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chemo treatment

chemo treatment

Posted by Linkfy on Nov 17, 2013 9:28 pm

I'd like to know if anyone out there has information on chemo treatments for NHL. the cancer is in my bone marrow. No swollen lymph nodes or tumors. Had my spleen removed two years ago. My next checkup (testing) is in Jan.2014 (checkups every 3 mo. now). I'm likely to need chemo and am wondering what to expect. I haven't been given a clear picture on the frequency or type of treatment. can anybody help?        linkfy

RE: chemo treatment

Posted by Monise on Nov 18, 2013 9:53 pm

Hi Linkfy,
I know it is hard to wait and as well, information about specific treatments for indolent NHL are vague.   As I understand it, they won't know until right before chemo exactly what the treatments will be.  Cancer treatment is pretty much an individual thing. So it would be based on what the tests find and your general health.. You can ask for more information in January, or even from your family doctor now,...like did they find any specific markers (CD things). You can ask for someone to review your file at your cancer centre and discuss it with you. Some chemo is by oral medication and some is by intravenous. I know how you must feel and I know how hard it is not knowing.  I wish there was more information out there. I understand that chemo can help to get rid of the fatigue caused by NHL.   Best wishes for a successful treatment program!!
They are watching my spleen right now...can you tell me how it feels to have a spleen removed and afterwards how it has affected you?

RE: chemo treatment

Posted by Linkfy on Nov 20, 2013 6:15 pm

Hi Monise : Thanks so much for your reply. I'm one of those people who wants to know precisely  what's going on before I commit. Anyhow the information you provided will help.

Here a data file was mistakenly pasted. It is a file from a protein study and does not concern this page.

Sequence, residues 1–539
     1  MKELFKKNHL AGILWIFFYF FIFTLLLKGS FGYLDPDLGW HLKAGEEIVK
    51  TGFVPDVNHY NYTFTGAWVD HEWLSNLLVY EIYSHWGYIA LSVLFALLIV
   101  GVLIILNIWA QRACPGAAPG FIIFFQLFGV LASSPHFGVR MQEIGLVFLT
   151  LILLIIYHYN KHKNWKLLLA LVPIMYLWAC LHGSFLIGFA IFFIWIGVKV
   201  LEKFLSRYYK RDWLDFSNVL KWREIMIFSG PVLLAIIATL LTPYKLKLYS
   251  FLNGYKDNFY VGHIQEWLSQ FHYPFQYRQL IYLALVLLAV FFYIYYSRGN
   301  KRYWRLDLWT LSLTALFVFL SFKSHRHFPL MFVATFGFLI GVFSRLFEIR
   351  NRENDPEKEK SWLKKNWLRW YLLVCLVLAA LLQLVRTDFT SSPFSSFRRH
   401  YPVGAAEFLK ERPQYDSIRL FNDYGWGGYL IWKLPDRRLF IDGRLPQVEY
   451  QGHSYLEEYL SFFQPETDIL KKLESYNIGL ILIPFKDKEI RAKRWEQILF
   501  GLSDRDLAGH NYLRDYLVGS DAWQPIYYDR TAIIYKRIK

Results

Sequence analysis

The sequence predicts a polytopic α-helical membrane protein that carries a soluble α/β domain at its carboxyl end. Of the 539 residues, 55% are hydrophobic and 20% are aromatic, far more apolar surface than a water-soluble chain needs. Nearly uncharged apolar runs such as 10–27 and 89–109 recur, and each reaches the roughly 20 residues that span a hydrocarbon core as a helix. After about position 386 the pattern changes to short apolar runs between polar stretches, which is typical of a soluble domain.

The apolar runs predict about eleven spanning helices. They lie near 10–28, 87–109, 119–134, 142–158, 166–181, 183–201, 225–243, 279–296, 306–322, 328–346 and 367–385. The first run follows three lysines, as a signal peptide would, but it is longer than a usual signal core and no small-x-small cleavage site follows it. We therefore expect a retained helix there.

As far as the spleen goes I wish I would have been better informed going into that. It was kind of a rushed deal and I was fortunate to get the surgery as soon as I did (3 wks after they confirmed it needed to come out). Although it was very large (loaf of bread, I'm also large) they assured me they could take it out laparoscopically . This was not to be as I was cut from the lowest rib to my hip. That said recovery time was about three months before I felt at all comfortable and 6 mo before I could put in a half days work (physical work). I don't like taking pain meds but for the first 2 mo it was absolutely necessary and when I was done the pain meds nothing helped with the nerve pain. Very sharp pain usually after I would eat. It will be two years in Feb since I had it out and I'm still numb and my abdomen is very sensitive. I hope that helps, and if the can do it laparoscopically the recovery time is much less. Better days to come.